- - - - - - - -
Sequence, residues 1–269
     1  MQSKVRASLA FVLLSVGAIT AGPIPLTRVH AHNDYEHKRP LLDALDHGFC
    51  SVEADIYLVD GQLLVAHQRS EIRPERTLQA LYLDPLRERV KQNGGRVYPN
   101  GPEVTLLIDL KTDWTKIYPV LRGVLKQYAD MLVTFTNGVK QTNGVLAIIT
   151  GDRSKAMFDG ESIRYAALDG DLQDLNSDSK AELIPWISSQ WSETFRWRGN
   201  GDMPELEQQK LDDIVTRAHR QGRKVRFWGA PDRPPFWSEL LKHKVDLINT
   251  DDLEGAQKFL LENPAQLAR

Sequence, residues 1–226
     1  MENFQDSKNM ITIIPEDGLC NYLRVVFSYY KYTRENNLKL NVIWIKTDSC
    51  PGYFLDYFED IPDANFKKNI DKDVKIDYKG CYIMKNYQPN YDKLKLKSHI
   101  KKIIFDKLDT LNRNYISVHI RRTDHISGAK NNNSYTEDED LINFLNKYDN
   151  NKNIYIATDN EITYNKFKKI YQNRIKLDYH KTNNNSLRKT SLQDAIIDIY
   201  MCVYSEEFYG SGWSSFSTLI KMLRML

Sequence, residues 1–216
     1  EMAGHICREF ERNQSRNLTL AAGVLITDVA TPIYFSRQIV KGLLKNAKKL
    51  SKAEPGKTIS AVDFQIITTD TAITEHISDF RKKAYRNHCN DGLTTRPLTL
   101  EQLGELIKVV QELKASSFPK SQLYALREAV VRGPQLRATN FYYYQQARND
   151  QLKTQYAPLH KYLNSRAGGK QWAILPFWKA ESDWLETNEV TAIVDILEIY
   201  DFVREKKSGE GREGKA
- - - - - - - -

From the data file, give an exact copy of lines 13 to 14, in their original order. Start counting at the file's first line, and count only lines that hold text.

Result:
   201  MCVYSEEFYG SGWSSFSTLI KMLRML

Sequence, residues 1–216